Congenital chloride diarrhea

How might congenital chloride diarrhea be treated?

Congenital chloride diarrhea (CCD) is a lifelong disease, so treatment focuses on managing symptoms and preventing complications. Early diagnosis and treatment in the absence of major complications can lead to normal growth and development. The main treatment is called salt substitution therapy (receiving sodium chloride and potassium chloride). Newborns are first given this therapy intravenously (by IV) and are later transitioned to oral therapy. Diarrhea will persist through therapy even when there is adequate salt substitution, although the relative amount of stool generally decreases with age.

Treatment for episodes of acute gastroenteritis ("stomach flu") in children with CCD is extremely important because they can experience rapid dehydration and loss of potassium (hypokalemia). These episodes should be treated with IV replacement of fluids and electrolytes. In adulthood, people with CCD are usually able to avoid dehydration by taking extra salt substitution.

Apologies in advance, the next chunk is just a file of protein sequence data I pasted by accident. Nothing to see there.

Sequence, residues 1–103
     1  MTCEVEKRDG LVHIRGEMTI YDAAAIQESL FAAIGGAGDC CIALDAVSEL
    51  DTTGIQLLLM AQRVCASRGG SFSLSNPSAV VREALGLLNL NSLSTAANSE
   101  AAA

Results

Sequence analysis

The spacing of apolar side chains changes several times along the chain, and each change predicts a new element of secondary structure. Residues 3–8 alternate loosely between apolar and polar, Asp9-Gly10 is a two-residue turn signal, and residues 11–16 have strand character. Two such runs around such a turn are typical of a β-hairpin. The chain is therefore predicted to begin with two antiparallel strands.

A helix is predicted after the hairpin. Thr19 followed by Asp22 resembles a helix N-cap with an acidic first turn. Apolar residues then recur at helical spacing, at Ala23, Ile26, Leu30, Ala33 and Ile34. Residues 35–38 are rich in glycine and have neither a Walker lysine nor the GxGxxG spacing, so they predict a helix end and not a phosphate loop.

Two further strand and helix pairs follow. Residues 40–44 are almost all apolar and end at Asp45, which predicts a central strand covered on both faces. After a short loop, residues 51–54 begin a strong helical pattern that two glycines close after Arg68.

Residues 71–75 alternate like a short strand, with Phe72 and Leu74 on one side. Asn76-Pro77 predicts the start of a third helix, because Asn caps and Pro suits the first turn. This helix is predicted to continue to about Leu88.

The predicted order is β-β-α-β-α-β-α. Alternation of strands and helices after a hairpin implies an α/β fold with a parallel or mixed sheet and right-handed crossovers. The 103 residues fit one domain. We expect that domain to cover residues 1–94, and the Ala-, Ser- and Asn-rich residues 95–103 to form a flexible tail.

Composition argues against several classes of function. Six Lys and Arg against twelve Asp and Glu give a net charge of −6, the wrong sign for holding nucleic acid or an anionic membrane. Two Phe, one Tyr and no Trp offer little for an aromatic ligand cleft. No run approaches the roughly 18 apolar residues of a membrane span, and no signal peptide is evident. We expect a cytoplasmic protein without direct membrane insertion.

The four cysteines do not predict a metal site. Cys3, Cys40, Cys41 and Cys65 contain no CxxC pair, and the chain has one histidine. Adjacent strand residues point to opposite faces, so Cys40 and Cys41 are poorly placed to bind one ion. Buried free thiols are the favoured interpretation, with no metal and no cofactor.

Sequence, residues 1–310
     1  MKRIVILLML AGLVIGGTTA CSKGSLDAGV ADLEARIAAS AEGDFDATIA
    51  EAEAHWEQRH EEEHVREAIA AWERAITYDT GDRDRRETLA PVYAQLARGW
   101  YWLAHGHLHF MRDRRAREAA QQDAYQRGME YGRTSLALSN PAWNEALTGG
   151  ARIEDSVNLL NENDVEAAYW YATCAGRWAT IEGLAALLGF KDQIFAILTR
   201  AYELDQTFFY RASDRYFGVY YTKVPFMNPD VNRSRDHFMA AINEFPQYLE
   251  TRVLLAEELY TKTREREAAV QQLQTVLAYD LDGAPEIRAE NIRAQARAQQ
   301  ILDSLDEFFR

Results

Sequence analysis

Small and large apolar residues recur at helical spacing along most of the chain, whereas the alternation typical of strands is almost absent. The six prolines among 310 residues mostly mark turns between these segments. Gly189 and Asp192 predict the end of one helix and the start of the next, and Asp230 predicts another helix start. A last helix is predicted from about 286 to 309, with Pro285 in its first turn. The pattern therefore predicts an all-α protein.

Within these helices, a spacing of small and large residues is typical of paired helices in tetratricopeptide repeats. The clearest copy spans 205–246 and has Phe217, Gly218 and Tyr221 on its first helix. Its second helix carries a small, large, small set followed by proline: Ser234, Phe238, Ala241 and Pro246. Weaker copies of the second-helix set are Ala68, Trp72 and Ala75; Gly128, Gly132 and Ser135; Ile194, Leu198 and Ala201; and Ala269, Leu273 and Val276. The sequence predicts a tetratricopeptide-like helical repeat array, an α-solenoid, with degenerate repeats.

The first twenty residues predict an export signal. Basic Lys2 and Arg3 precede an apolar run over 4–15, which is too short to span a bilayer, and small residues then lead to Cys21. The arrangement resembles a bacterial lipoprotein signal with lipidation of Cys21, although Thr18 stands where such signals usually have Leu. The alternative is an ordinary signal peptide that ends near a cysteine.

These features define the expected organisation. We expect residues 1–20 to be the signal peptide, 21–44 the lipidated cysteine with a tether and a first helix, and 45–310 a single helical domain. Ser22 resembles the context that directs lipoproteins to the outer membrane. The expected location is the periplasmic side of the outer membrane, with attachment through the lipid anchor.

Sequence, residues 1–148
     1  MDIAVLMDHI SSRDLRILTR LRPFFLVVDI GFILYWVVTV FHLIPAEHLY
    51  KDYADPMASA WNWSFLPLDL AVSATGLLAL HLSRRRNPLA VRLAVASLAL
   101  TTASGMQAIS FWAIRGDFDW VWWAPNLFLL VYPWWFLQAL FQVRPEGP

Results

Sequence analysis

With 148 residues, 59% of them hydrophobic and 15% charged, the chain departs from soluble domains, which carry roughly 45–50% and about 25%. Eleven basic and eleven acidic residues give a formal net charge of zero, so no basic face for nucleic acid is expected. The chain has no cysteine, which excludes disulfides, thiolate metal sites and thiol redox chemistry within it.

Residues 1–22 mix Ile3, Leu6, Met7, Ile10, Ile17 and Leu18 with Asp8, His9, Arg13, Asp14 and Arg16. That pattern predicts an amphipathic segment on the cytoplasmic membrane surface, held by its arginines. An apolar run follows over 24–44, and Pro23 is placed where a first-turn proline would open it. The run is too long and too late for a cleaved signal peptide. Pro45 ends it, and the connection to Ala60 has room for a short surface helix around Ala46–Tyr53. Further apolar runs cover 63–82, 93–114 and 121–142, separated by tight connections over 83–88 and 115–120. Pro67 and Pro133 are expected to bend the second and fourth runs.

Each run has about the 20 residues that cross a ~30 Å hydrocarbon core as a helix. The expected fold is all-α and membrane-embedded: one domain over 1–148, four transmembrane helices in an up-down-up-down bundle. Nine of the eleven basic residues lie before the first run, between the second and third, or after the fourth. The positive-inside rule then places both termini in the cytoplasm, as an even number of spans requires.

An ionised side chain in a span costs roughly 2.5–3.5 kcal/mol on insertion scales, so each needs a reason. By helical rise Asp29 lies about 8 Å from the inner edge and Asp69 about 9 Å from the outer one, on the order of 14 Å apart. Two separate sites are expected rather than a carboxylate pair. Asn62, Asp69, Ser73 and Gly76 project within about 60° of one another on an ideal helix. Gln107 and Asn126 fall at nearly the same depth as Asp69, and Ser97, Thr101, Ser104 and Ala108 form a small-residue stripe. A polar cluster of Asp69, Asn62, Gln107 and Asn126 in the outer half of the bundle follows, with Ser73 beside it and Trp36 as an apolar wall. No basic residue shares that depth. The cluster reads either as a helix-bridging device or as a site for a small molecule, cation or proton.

Last updated on 05-01-20

Selected Full-Text Journal Articles

Article - Congenital Chloride Losing Diarrhea

Alzahrani AK. Congenital Chloride Losing Diarrhea. Pediat Therapeut 2014, 4:2.

Last updated on 04-27-20

Name: American Gastroenterological Association 4930 Del Ray Avenue
Bethesda, MD, 20814, United States
Phone: 301–654–2055 Fax : 301–654–5920 Email: Url:
Name: International Foundation for Functional Gastrointestinal Disorders IFFGD PO Box 170864
Milwaukee, WI, 53217, United States
Phone: +1-414-964-1799 Toll Free: 1-888-964-2001 Fax : +1-414-964-7176 Email: Url:
Name: Association of Gastrointestinal Motility Disorders AGMD Bedford, MA, 01730, United States Phone: +1-781-275-1300 Email: Url:

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